Jul 13, 2007

Greek railroad woes

train collisionYesterday's accident regarding the collision between an urban rail-bus and a freight train in the heart of Athens brought to light - once again - the Greek National Railroad's (OSE) dysfunctional policy and management. In the last 10 months alone there have been 17 (!) railroad accidents, 14 of which were derailments, luckily with no casualties.

In a rush to make an impression and dazzle the public/voters, the Ministry of Transportation, its Railroad Company, OSE and its subsidiary, Proastiakos, added more routes and itineraries this summer, BUT forgot to pencil in safety regulations on their agenda.
Railroad traffic, therefore, is NOT regulated by automatic signaling systems and electronic means, because the Railroad Company hasn't quite gotten around to that part yet. Rail-traffic control is handled the good, old-fashioned, unreliable way: solely by humans, the dispatchers. Hence, the human-error factor OSE officials are blaming.

The fact that yesterday a major railroad calamity was avoided can only be attributed to the rail-bus driver's 3 life-saving acts. As soon as he saw the oncoming freight train he engaged the emergency brakes, opened all doors to relieve the pressure of the oncoming collision and ran back to warn the passengers to move away from the front part of the rail-bus and brace themselves.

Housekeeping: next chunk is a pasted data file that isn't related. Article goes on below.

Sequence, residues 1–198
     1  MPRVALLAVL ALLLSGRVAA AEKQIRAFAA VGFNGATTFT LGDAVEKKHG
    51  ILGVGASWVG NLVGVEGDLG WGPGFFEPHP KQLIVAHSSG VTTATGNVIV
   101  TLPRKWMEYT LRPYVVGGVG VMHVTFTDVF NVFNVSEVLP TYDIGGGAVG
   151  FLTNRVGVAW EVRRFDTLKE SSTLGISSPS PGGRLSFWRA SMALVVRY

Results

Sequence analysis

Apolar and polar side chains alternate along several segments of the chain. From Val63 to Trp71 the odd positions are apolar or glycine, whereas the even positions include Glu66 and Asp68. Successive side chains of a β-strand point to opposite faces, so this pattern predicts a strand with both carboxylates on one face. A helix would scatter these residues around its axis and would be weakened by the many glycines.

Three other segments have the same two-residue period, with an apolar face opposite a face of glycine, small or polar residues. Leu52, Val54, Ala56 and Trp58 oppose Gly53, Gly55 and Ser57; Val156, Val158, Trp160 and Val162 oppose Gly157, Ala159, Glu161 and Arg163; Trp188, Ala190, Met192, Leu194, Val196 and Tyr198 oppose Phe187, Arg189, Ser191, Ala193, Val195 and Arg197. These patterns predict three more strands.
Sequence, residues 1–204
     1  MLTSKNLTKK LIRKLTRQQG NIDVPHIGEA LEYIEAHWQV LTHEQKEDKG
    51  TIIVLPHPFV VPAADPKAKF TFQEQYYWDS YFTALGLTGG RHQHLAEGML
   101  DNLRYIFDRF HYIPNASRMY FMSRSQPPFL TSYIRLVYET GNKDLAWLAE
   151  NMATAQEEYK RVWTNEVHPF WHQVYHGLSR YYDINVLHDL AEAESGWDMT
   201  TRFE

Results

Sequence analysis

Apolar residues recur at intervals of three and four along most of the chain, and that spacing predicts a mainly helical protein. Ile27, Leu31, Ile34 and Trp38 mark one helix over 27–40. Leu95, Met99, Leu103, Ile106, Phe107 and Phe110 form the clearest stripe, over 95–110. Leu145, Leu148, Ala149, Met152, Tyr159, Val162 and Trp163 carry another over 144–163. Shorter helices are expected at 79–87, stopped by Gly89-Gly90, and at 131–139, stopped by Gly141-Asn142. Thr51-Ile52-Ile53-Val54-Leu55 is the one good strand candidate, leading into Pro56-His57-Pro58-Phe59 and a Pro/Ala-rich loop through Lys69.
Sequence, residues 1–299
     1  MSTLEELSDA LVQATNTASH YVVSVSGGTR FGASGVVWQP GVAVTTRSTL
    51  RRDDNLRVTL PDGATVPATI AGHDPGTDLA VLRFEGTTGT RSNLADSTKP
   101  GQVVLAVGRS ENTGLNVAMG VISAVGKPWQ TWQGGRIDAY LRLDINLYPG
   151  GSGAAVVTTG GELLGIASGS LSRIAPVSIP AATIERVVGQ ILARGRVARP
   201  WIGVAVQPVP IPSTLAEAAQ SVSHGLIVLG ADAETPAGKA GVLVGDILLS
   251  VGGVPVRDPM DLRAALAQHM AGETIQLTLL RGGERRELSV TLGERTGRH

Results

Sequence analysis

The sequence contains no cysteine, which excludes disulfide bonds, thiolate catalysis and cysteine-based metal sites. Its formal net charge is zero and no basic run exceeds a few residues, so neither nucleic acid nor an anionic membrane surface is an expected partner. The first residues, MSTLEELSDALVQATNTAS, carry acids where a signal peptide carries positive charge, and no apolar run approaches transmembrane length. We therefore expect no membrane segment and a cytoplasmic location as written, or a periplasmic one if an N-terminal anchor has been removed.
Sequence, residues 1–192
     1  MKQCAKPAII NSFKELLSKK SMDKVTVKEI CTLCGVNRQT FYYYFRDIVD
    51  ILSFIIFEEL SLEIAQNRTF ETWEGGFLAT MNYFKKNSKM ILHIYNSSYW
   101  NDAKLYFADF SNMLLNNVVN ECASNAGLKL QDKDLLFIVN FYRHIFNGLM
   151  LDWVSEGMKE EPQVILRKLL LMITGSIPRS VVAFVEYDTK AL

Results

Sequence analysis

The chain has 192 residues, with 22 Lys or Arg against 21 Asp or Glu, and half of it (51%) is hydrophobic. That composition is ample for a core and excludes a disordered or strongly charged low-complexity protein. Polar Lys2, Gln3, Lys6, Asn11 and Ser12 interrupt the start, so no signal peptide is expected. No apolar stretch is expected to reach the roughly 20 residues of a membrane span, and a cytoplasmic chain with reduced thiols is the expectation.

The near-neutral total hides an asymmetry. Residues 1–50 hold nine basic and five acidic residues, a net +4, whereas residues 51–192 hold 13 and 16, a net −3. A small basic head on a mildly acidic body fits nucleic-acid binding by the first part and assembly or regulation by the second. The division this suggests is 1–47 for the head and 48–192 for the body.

OSE and government officials in charge of Greek National Railroad holler "human-error" to the media, putting the blame only on the workers and never assuming responsibility of the many, re-occurring accidents. The Greek railroad has mourned the death of 3 train drivers and 1 paralyzed for life in last few years alone.
What's and who's to blame?

Lack of adequate safety measures and inexcusable hold ups regarding infrastructure maintenance and upgrades. One of the most crucial of these necessary improvements is instalment of automatic warning signals to minimize the human-error factor. Using dispatchers solely as railroad traffic regulators, without the backup assistance of electronic means, does not ensure the safety of passengers and crew.

Overworked railroad work force because of the severe lack of personnel involved with train circulation (engine-drivers, switchmen, and dispatchers) which has resulted in 10-12 hour shifts, for 30 consecutive workdays. We're not talking 9 to 5 shifts, Internet. We're talking crazy, round-the-clock graveyard shifts that make a person's biological clock go cuckoo, which I can attest to since I've lived with a train driver for 20 years.
To top that, OSE hasn't hired any new train drivers for over 15 years. The majority of train drivers are in their early 50s, all near retirement, since the nature of their vocation is considered heavy-duty and are ousted for mandatory pension at 55-57.

So, why doesn't OSE hire new blood?
Ah, well, this is Greece. And there is a system to the system. We don't fill in public service employment gaps without making a big, humongous, pre-electoral deal. How else will the voters know that the party in power cares about its citizens? Huh?

more statistics in Greek
BBC news report